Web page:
the Goshen College Bulletin | Alumni magazine since 1956

Valesco House‘Together time’ valued at Valesco House

Ayo Cole (with Jessica Meyers ’02)

The four residents of Valesco House – a cooperative program between Mennonite Disabilities Committee and Goshen College – have busy schedules: studies, jobs, meals together, social activities and more. So who best keeps track of the comings and goings? The housemates agree that Lisa Mort stays on top of things. Mort, a young woman from Goshen with developmental disabilities, moved into Valesco House in January, joining student caregivers Rachel Koontz (Sr., Elkhart, Ind.), Megan Cunningham (Sr., Nappanee, Ind.), and Charletta Erb (Jr., Wellman, Iowa).

Valesco House, located at the corner of College Avenue and 12th Street, is the “sister house” in the MDC Vita Program, joining the nearly seven-year-old Vita House for male students and MDC residents. Both houses aim to integrate high-functioning MDC clients with GC students, enriching the life of the college community and the lives of persons with developmental disabilities as each learns from the other.

Like Vita House, the mission is to create a warm, comfortable group home environment for individuals with developmental disabilities who live in the house with several GC students. Together, they do various activities, similar to campus small group housing. The GC students receive discounted rent and money for food. The program is mainly voluntary.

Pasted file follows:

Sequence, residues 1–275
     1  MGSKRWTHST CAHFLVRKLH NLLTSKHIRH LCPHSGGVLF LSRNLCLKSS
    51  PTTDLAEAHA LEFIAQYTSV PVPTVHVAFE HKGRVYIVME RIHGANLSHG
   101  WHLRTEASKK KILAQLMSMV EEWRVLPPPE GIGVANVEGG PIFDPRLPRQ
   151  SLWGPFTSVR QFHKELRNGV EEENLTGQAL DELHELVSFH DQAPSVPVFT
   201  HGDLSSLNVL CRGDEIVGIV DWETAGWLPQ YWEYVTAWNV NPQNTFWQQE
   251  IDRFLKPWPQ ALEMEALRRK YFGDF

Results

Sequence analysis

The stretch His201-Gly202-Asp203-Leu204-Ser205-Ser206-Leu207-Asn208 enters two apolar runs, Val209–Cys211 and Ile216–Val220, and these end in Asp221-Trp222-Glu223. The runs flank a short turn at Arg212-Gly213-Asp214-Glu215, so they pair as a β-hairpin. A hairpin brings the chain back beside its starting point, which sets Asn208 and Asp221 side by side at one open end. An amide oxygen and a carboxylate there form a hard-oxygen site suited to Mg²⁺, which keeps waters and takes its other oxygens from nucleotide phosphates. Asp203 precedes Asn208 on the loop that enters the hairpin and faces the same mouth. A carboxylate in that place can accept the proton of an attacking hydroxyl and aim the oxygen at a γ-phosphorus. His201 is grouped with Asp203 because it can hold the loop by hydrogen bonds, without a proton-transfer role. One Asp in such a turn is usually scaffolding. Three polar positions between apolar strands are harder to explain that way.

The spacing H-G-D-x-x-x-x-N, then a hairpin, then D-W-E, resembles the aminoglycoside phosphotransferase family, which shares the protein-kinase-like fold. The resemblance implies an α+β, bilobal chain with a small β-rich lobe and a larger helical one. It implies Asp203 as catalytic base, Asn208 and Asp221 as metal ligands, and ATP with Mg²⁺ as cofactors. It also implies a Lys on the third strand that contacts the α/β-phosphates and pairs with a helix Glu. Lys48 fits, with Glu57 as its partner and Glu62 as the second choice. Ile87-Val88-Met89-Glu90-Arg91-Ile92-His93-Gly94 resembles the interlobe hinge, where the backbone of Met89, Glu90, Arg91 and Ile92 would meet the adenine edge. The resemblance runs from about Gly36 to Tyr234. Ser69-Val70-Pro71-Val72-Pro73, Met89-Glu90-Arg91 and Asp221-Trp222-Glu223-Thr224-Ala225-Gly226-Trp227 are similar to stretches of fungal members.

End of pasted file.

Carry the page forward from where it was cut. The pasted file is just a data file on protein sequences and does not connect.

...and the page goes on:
Mort enjoys living with the students and participating in college activities; she has a college mailbox and ID card as well as a campus meal plan – somewhat like an adjunct student. She joins her GC housemates in taking care of chores such as shopping, cooking and cleaning. Her housemates describe her as enthusiastic, friendly and creative.

In addition, it’s Mort who usually knows what members of the busy household are doing.

“She’s always interested in what’s going on in our lives.” Erb said. “And creative, like [with] crafts. She likes to make up homework for herself. I see it as a way she’s identifying with us as students.”

Said Koontz, “Lisa keeps everyone’s schedule straight. She also works hard.”
Mort volunteers every weekday, folding laundry at Greencroft, and works three days a week at Arby’s; she likes that she gets paid.

Mort has adjusted well to living in this unique group environment, and says she does not miss her family as much because of the new friends she has made at Valesco House. Mort’s parents live only a few minutes away from Valesco House, and can visit her during the week.

Cunningham says that one of the things she enjoys most about Valesco House is “just all coming together when we’re all at the dinner table.”

All three GC women would like to see more students and people with disabilities interacting together. “I found out there was going to be a new Vita House for women and knew I wanted to be part of it,” Cunningham said.

Koontz, who said she has found this program to be a good learning experience, said, “My goal is to share life with people with disabilities, to learn from them and be with them where they are.”

Student residents of both Vita and Valesco houses are required to take the Church as Care-Giver class and attend several training sessions from MDC, learning more about marginalized groups and what it means to live in community.

Ayo Cole is a sophomore communication major from Nairobi, Kenya. Additional information came from Jessica Meyers (Sr., Bethseda, Md.). More information about the Vita Program can be found online at
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